Is your life not very stimulating? Do you have too much time on your hands and are starting to get depressed? Have you retired early and now regret it?
Whether you’re 24, 44 or 64, I suggest that you take a look in the mirror and ask yourself: “Am I bored?”
And what is boredom, anyway? When you have nothing particular to do, aren’t interested in what’s going on around you, or you feel that a specific relationship/activity/situation is dull or tedious, you probably feel bored, e.g., blah, listless, restless and a bit anxious.
Boredom isn’t depression: it’s an unpleasant lack of stimulation that leaves us craving relief. Boredom is also a paradox: some research studies have found it to be a disruptive state of mind that damages our health; yet other research suggests that without boredom we couldn’t achieve our creative feats.
What to do?
We all experience boredom from time-to-time, it’s a normal part of life. But if you find yourself bored a lot of the time: it’s time to take some action. Sometimes boredom is actually an inability to focus your attention on something. ADHD and ADD sometimes look like boredom: it’s hard to concentrate and you’re always looking for new stimuli.
Boredom even happens to the Fabulous People: are you cynical and jaded? Is nothing ever exciting/fabulous/good enough for you? “Ennui” is another word for this. “I’ve done it all and seen it all” is your mantra. However, few of us actually have done it all and seen it all. But we may feel like it.
The opposite of boredom is feeling excited, alive, energized, enthusiastic. How do we find this emotional place?
Any time we feel stuck in a repeating pattern, boredom may set in. But, since we can’t always avoid repetition, what can we do? We can counter-balance the repetitious, boring parts of our lives with their opposites. Ask yourself:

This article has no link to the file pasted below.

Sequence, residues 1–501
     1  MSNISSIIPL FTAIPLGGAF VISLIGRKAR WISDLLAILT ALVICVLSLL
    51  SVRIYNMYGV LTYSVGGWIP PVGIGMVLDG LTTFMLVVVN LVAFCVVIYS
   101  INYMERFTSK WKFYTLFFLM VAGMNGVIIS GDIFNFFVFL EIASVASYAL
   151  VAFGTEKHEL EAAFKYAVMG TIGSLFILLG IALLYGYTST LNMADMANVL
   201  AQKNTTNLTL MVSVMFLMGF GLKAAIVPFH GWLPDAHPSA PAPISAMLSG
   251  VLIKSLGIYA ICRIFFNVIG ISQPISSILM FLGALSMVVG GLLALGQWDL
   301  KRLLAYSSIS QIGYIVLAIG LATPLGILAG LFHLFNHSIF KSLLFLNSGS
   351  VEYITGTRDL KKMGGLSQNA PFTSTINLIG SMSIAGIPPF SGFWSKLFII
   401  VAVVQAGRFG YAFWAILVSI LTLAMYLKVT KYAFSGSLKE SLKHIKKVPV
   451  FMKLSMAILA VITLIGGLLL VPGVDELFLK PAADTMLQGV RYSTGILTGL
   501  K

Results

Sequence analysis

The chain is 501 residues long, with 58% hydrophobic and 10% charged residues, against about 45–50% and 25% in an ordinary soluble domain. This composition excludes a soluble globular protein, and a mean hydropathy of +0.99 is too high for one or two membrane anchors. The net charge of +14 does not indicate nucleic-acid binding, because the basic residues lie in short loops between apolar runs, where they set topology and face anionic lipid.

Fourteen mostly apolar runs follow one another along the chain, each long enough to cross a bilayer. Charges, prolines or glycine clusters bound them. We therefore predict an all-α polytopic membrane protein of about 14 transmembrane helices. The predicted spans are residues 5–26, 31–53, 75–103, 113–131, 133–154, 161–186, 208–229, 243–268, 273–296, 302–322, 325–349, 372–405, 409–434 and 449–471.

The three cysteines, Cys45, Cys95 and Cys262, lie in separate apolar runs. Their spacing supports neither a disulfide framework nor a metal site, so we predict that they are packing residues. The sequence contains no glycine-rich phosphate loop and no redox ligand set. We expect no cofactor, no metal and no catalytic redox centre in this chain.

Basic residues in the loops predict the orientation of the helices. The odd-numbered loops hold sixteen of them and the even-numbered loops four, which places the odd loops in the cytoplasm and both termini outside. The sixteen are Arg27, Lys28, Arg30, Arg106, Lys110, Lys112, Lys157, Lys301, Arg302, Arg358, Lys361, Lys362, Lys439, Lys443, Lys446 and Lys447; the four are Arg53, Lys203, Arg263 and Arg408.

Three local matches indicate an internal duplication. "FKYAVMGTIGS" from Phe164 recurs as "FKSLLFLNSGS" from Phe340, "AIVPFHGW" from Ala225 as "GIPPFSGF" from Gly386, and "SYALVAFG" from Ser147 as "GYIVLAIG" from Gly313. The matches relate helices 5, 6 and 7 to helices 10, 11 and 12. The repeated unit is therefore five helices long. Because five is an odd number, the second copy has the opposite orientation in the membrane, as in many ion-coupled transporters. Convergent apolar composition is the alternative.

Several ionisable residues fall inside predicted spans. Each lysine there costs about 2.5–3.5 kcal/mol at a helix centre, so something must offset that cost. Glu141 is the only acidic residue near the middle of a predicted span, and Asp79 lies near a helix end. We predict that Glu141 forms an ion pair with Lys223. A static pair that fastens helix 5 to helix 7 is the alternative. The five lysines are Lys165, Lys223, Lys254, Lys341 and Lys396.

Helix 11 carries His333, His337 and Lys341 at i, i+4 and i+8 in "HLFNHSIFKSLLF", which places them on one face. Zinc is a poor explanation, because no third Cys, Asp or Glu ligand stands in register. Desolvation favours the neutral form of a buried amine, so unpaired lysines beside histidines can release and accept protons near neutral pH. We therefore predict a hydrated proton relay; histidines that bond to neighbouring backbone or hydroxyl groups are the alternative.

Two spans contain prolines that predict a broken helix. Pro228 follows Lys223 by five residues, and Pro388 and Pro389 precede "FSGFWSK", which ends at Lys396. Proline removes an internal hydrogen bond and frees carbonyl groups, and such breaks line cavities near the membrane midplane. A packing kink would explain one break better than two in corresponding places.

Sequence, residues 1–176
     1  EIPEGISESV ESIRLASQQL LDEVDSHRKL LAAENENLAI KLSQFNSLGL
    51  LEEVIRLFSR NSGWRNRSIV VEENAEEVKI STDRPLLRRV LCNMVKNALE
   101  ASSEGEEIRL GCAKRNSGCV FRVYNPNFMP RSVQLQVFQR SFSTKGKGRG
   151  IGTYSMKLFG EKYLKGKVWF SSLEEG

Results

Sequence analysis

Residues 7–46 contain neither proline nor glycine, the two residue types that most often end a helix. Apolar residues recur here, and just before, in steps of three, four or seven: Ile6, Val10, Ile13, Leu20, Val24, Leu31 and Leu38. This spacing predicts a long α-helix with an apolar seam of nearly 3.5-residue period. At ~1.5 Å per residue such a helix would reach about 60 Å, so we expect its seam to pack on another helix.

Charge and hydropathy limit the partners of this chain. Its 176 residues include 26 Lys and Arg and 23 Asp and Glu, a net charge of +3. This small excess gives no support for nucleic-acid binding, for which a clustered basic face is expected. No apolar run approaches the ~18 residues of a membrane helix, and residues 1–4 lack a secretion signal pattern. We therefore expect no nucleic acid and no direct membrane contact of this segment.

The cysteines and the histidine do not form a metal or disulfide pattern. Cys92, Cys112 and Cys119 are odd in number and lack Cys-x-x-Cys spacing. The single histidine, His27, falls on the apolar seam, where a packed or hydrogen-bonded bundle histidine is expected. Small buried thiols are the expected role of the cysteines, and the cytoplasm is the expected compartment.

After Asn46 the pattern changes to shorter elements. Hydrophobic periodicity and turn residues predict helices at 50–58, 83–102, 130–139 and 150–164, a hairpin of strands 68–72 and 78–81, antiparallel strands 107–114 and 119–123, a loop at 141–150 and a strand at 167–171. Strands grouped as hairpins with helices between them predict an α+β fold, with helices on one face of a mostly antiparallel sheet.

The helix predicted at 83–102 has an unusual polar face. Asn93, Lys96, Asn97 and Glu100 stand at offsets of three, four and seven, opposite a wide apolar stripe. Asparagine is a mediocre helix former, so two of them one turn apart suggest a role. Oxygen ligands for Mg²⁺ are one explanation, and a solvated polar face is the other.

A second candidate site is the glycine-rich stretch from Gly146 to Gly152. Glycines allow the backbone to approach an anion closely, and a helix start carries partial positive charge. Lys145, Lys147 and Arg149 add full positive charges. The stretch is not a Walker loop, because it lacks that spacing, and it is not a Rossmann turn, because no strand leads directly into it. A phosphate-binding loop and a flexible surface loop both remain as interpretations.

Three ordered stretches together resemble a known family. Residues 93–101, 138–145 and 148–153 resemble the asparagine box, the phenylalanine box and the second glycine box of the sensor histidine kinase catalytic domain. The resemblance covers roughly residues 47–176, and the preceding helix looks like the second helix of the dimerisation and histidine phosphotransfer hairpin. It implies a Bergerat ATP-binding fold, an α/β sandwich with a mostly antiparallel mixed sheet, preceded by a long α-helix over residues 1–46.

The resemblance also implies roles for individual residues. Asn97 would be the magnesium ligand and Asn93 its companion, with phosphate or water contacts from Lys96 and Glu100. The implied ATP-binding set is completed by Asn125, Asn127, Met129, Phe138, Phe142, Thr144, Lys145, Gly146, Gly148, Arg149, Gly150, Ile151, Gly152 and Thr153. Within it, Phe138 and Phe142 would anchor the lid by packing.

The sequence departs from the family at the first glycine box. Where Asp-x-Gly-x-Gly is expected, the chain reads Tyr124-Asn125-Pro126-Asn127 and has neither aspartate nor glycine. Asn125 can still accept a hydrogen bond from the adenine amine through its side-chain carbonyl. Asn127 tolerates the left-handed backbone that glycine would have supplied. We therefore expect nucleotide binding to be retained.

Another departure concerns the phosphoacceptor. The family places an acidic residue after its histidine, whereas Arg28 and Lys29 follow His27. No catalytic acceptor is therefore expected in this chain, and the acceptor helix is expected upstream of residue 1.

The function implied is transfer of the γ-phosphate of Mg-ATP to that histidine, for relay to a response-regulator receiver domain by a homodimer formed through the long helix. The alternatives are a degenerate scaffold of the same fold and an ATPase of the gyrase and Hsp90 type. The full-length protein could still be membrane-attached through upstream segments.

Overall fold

- What makes me feel alive?
- What am I enthusiastic about?
- What dreams did I give up on?
- What’s the most boring part of my life? How can I change it?
- What am I passionate about? How can I get more of this?
Answering questions like this let us know what our lives may be lacking.
The COVID pandemic has been a big wake-up call for many of us. During the pandemic, especially at the beginning, millions of people found themselves thinking: “Is this what I’m going to do the rest of my life?”
The pandemic has been a real boon to eliminating boredom. It forced us to take a good look at our lives and see what we love… and what’s missing.
Millions of Americans left the workforce (quit or retired) during the pandemic. Now, many of those folks are bored to death and looking to do something that has meaning and purpose. Nearly 7 in 10 workers who retired during the pandemic are considering returning to work, according to a recent CNBC survey.
I have quite a few friends and clients who retired early. And – no surprise – after they went through their bucket lists of traveling, gardening, home remodeling, and reading that pile of books by the bed, many of them are now bored.
If you’re thinking of retiring early, give some thought to how you’ll keep your life stimulating. You might like to work, just not as much. Consider transitioning from full-time to part-time, or full-time to a consulting position. This gives you a chance to “sample” retirement.
If you want more meaningful activity in your life – whether you’re retired or working – you could volunteer. As the election approaches, I have joined “postcard-writing banks”. I’m also considering volunteering at my local elementary school to help kids with reading. Yes, I am still working full-time. But sometimes I get a little bored with my life too and want to switch it up a bit.
Don’t wait until you’re retired to deal with your boredom. Do it now, so that the next forty, fifty or sixty years of your life are as exciting and rich as possible.
—Michael Kimmel is a licensed psychotherapist who specializes in helping LGBTQ clients achieve their goals and deal with anxiety, depression, grief, sexually addictive behavior, coming out, relationship challenges and homophobia. Contact him at 619-955-3311 or visit lifebeyondtherapy.com.